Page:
WEST WARWICK, R.I. — Survivors of a 2003 nightclub blaze that killed 100 people and relatives of those killed huddled together in bitter cold Sunday to mark the 10th anniversary of the Station fire.
Some brought flowers and paid respects at the handmade crosses that dot the site of the fire for each person who died. Others cried and spoke of missing their loved ones and the difficulty of moving past such trauma.
‘‘People that weren’t here really don’t understand why we can’t let this stuff go. I was 30 seconds away from dying,’’ said Walter Castle Jr., 39, a survivor who suffered third-degree burns in his lungs, throat, and bronchial tubes. He said he lost many friends and was in counseling until 2009. Recently, as the 10th anniversary approached, he began having terrible nightmares and had to go back into counseling.
‘‘It’s just very tough,’’ he said.
The anniversary of the blaze is Wednesday. The fire broke out when pyrotechnics for the rock band Great White ignited flammable packing foam that had been installed in the club as soundproofing. Last month, a fire at a nightclub in Brazil killed more than 230 people under eerily similar circumstances: A band’s pyrotechnic display set fire to soundproofing foam.
‘I was 30 seconds away from dying. . . . It’s just very tough.’
Among those who spoke Sunday was former governor Don Carcieri, who took office the month before the fire and still has difficulty speaking about it. He remembered the days families waited at a hotel for word that their loved ones’ remains had been identified, and the anger everyone felt, asking how the tragedy could have happened. But he also remembered how people in Rhode Island, a state with a population of just 1 million, pulled together to help each other. ‘‘At a time of our state’s worst tragedy, in some sense, it was our people’s finest hour,’’ he said.
Angela Bogart, who was 19 when her mother, Jude Henault, was killed in the fire, said she has come to know and understand her mother more in the 10 years since she died, especially since she has become a mother herself.
‘‘My mom lives in me in everything I do. I hear her voice wherever I go,’’ she said. ‘‘When I walk hand-in-hand with my little girl, my mother is holding her other hand.’’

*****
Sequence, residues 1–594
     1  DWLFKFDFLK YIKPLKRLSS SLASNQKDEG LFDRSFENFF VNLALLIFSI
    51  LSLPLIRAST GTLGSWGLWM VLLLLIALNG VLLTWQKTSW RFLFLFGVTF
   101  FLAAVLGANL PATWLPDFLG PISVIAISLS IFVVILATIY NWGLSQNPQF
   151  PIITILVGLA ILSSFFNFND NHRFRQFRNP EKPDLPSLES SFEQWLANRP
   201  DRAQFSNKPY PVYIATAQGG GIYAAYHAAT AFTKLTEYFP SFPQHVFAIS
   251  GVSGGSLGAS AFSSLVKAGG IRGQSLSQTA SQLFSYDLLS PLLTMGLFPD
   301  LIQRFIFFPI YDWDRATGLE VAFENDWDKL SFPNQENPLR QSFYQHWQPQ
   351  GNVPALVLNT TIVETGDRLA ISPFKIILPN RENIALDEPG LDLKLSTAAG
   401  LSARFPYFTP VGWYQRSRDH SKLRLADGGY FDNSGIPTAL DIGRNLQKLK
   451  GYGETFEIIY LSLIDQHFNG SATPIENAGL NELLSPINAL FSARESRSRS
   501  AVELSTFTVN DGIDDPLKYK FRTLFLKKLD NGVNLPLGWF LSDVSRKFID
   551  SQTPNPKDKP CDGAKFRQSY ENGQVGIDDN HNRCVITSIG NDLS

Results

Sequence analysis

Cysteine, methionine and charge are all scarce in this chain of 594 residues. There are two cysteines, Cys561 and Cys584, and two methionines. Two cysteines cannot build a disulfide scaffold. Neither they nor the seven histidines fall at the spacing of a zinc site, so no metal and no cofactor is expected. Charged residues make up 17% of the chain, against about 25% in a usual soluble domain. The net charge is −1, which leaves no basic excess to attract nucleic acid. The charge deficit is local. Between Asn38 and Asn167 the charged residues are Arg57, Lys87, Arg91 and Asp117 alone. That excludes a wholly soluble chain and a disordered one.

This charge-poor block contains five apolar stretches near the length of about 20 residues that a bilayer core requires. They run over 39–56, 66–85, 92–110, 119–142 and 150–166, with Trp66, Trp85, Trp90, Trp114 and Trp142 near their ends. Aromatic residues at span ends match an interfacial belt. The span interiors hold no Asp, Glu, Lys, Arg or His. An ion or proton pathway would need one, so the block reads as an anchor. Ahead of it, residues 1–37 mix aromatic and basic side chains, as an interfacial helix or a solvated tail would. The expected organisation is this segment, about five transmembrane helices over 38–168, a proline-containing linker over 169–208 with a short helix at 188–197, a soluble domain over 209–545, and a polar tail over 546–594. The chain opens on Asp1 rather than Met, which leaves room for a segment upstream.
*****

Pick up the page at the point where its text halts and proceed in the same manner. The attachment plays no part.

The event also featured musical performances, a reading of the names of the people who died, and 100 seconds of silence.
While somber, the annual gathering at the fire site took on a more hopeful tone this year than in years past because the foundation set up to build a permanent memorial finally secured ownership of the site in September. On Sunday, the Station Fire Memorial Foundation released final plans, which call for a 30-foot-high entrance gate topped by an Aeolian harp. Wind passing through the harp will create music, a reminder that it was music that brought people together that night.
The structure will include individual memorials for each person who died and commemorate the survivors, first responders, and those who helped care for families of the dead and survivors.
It will also include a pavilion as a gathering place.
Families are being asked to remove the crosses and other mementos left at the makeshift memorial that has developed over the years. The items left behind will be buried in a capsule under what is now a parking lot. There will be no digging on the land under where the club once stood because of the fear of disturbing human remains.
While many materials and laborial will be donated, foundation officials must raise $1 million to $2 million to build and maintain it.
The foundation hopes to break ground in the spring. Construction could take as long as two years.
Gina Russo, who was badly burned in the fire and whose fiancé was killed, is president of the foundation and said the memorial would turn the site into something beautiful.
‘‘It’s a happy moment going forward,’’ she said.